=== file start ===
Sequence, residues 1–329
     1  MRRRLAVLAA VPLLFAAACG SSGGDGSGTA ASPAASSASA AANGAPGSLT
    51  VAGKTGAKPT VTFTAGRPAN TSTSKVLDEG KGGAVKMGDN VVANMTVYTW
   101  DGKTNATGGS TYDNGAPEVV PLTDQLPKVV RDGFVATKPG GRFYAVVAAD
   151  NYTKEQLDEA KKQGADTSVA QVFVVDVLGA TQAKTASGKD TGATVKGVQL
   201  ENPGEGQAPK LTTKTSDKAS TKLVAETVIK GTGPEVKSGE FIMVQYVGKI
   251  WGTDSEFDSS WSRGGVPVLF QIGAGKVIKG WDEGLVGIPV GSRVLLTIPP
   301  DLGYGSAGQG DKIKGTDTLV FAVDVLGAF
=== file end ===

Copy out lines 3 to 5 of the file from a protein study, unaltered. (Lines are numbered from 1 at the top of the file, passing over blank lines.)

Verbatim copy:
    51  VAGKTGAKPT VTFTAGRPAN TSTSKVLDEG KGGAVKMGDN VVANMTVYTW
   101  DGKTNATGGS TYDNGAPEVV PLTDQLPKVV RDGFVATKPG GRFYAVVAAD
   151  NYTKEQLDEA KKQGADTSVA QVFVVDVLGA TQAKTASGKD TGATVKGVQL